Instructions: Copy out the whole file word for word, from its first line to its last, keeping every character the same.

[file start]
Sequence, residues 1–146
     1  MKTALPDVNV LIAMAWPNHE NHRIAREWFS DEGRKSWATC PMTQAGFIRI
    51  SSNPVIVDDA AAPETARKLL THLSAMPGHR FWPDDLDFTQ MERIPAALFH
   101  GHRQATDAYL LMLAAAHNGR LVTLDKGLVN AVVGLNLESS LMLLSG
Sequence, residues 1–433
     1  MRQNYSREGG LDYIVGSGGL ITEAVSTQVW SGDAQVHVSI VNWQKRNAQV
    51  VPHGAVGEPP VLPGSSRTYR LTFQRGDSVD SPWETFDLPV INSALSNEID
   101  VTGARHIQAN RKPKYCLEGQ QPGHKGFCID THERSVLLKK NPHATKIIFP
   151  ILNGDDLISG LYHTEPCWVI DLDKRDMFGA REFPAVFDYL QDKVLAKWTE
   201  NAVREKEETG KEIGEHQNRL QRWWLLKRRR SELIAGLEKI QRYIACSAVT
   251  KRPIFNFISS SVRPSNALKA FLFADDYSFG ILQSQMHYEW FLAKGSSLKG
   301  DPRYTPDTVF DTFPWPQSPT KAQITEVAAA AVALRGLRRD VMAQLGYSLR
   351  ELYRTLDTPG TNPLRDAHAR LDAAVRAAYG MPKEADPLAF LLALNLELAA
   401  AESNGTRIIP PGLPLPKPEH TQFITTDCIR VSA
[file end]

Sequence, residues 1–146
     1  MKTALPDVNV LIAMAWPNHE NHRIAREWFS DEGRKSWATC PMTQAGFIRI
    51  SSNPVIVDDA AAPETARKLL THLSAMPGHR FWPDDLDFTQ MERIPAALFH
   101  GHRQATDAYL LMLAAAHNGR LVTLDKGLVN AVVGLNLESS LMLLSG
Sequence, residues 1–433
     1  MRQNYSREGG LDYIVGSGGL ITEAVSTQVW SGDAQVHVSI VNWQKRNAQV
    51  VPHGAVGEPP VLPGSSRTYR LTFQRGDSVD SPWETFDLPV INSALSNEID
   101  VTGARHIQAN RKPKYCLEGQ QPGHKGFCID THERSVLLKK NPHATKIIFP
   151  ILNGDDLISG LYHTEPCWVI DLDKRDMFGA REFPAVFDYL QDKVLAKWTE
   201  NAVREKEETG KEIGEHQNRL QRWWLLKRRR SELIAGLEKI QRYIACSAVT
   251  KRPIFNFISS SVRPSNALKA FLFADDYSFG ILQSQMHYEW FLAKGSSLKG
   301  DPRYTPDTVF DTFPWPQSPT KAQITEVAAA AVALRGLRRD VMAQLGYSLR
   351  ELYRTLDTPG TNPLRDAHAR LDAAVRAAYG MPKEADPLAF LLALNLELAA
   401  AESNGTRIIP PGLPLPKPEH TQFITTDCIR VSA